Aside from Fields' adulation of Japanese children and Leave it to Beaver, his article explaining how rudeness is a neurotoxin is a fascinating look at the environment children live in today. The hatefulness we see online, in the schoolyard, and in Congress, can be explained by the shift of priorities in our country over the past five or six decades. Namely, that chivalry is dead. And our kids are turning into brain-damaged a-holes as a result.

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Jodi - posted on 01/09/2011

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What bugs me about it is that it is yet another excuse for bad behaviour. "Oh, I'm sorry, blame it on the way my brain was wired." Sorry, while I understand the logic in this article, I am concerned something like this will now just be used as an excuse, rather than someone viewing their behaviour and thinking "I'd better pull my finger out and do something about this".

Basically it creates and external locus of control rather than an internal one. And if you have something to blame for your behaviour (and this article has just handed it over on a silver platter), then you are less likely to feel you have control over it yourself, and therefore, unlikely to improve.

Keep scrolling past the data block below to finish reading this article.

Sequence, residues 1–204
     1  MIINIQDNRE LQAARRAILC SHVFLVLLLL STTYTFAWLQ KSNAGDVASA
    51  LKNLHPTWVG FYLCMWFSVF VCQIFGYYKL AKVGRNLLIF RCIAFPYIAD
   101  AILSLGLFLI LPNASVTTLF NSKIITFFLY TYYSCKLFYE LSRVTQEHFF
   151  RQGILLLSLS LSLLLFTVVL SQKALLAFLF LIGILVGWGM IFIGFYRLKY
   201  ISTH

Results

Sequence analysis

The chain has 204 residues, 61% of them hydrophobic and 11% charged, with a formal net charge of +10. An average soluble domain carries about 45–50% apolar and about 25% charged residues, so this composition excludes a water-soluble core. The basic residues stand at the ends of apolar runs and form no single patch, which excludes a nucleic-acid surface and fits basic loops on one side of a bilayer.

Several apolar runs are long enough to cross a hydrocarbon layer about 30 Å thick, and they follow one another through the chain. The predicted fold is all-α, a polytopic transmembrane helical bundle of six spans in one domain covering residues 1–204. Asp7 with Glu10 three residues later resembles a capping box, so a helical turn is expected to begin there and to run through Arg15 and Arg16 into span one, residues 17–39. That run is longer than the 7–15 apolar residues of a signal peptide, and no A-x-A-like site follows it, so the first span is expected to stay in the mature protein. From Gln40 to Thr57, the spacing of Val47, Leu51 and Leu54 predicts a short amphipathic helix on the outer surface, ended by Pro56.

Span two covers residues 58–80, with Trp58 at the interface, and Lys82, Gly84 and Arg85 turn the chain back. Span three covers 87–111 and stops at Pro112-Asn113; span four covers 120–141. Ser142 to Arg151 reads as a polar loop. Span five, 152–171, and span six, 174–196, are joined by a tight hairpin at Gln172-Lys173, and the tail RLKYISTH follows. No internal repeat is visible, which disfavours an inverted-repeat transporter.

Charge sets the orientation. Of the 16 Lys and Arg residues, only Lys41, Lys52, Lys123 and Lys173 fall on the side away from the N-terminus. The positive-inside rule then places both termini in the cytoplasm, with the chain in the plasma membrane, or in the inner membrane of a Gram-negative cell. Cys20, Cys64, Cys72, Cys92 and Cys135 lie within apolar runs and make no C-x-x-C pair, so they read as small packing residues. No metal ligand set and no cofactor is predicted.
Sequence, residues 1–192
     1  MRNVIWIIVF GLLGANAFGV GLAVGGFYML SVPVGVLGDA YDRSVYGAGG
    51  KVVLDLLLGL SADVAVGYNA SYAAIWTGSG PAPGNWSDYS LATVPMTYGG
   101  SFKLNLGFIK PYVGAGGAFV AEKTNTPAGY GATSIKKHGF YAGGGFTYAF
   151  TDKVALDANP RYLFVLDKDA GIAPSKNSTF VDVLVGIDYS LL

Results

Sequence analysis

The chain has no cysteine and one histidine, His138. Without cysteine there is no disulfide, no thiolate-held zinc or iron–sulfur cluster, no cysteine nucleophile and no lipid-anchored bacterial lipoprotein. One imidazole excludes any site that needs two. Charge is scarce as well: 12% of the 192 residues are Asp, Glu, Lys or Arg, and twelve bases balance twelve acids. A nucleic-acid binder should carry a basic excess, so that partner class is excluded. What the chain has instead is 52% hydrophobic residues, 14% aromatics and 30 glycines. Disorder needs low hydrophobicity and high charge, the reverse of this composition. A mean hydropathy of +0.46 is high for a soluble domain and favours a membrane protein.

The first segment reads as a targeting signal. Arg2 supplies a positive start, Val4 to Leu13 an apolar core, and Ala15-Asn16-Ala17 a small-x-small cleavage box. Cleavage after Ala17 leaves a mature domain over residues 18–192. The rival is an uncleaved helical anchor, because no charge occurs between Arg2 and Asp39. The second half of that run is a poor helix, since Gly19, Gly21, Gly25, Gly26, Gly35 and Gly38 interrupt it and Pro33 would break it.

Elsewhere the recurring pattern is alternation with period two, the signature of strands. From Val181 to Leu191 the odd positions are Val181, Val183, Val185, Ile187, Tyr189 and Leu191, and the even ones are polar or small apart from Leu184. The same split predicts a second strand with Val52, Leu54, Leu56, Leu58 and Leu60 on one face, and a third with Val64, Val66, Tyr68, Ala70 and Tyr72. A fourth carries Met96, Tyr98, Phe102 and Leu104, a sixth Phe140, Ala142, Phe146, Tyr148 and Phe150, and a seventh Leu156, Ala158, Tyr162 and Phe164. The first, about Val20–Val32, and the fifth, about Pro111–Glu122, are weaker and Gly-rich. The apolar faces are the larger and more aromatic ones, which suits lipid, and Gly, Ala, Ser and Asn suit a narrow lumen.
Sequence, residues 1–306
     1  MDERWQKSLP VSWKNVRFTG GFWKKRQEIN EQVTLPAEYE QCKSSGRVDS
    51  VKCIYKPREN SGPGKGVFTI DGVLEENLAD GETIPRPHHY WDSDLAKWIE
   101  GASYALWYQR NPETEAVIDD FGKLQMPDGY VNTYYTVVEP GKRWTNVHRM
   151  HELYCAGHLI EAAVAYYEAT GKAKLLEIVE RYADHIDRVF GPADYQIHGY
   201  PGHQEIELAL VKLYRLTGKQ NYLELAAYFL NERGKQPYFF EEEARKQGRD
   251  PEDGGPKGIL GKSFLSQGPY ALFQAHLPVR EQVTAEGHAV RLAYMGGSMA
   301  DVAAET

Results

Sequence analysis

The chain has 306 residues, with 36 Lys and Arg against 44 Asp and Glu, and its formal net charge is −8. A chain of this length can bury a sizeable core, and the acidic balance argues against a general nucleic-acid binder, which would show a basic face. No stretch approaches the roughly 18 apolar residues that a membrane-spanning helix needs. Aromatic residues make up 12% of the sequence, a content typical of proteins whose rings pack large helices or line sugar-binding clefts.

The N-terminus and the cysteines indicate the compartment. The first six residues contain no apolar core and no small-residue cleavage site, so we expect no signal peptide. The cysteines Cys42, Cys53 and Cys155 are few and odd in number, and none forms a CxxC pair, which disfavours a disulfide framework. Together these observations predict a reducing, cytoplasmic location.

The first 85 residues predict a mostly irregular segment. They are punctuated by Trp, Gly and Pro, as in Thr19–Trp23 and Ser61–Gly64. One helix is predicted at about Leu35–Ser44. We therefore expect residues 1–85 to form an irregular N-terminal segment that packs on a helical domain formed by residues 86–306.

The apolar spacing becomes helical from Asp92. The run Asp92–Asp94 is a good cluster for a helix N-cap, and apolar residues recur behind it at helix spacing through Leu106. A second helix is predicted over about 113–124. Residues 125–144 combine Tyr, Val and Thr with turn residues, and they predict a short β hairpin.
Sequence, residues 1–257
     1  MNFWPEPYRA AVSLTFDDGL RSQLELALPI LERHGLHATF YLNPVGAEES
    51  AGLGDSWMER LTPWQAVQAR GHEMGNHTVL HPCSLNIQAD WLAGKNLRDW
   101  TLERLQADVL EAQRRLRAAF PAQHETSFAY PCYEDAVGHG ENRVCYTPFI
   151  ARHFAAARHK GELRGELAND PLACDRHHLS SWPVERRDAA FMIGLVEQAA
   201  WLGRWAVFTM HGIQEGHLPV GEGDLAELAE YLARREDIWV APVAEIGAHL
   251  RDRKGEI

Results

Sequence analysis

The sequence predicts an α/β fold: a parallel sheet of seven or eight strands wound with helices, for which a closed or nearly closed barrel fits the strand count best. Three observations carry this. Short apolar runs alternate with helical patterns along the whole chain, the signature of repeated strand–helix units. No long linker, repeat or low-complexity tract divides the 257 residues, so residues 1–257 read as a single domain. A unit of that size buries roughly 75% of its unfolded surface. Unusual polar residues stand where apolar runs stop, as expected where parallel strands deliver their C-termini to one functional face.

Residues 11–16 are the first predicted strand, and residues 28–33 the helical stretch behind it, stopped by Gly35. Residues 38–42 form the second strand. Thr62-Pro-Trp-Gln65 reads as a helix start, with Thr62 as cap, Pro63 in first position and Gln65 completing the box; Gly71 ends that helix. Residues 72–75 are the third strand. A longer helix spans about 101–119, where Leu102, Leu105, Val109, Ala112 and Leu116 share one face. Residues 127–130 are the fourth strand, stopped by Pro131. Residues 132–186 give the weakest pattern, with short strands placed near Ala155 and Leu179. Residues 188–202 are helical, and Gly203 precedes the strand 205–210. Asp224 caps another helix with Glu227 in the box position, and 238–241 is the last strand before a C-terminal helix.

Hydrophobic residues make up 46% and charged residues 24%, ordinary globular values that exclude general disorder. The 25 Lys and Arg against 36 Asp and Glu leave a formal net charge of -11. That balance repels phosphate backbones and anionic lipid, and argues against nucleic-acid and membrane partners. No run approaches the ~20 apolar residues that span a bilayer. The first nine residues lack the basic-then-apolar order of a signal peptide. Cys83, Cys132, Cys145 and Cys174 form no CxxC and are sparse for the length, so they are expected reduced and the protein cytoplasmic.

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Katherine - posted on 01/09/2011

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Very good point, Jodi.


That is all because I have nothing else to add.

[deleted account]

Every emotion effects the chemical makeup of our brain, if you raise a child negatively, you get negative results.
Good thing is any adult can fix the problems that their parents bred into them. It takes a lot of time and effort to change the brain chemistry. If a parent can change it, why cant we :)

Katherine - posted on 01/09/2011

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Ok I think I fixed it. Geez I posted it 3 times. I was trying to copy the link. I guess I was accidentally copying the article.

Desiree - posted on 01/09/2011

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I think I will sit this one out, because somehow I don't agree entirely but will have to seriously think about which part is bugging me so much..

Kate CP - posted on 01/09/2011

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"...And our kids are turning into brain-damaged a-holes as a result..."

THAT made me guffaw. xD

Tara - posted on 01/09/2011

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lol, I thought I was losing it for a second!! Hey Katherine, easy on the pasting!!
lol
I agree completely. When you start looking at the lifestyles and habits of other cultures around the globe and how their children are raised and what kind of people they turn out to be, and compare that to the average American child you will find vast differences form infancy to adulthood.
Our brains are the motherboard of our body, how we wire that during pregnancy, infancy and childhood, determines the future capabilities of that brain. Early development of our limbic system is proven to affect how we handle emotions as adults, it makes sense all other areas of the brain would be affected by our environment we grow up in.

Jenn - posted on 01/09/2011

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Am I losing it or did you post this 3 times in a row? Maybe I need more coffee :/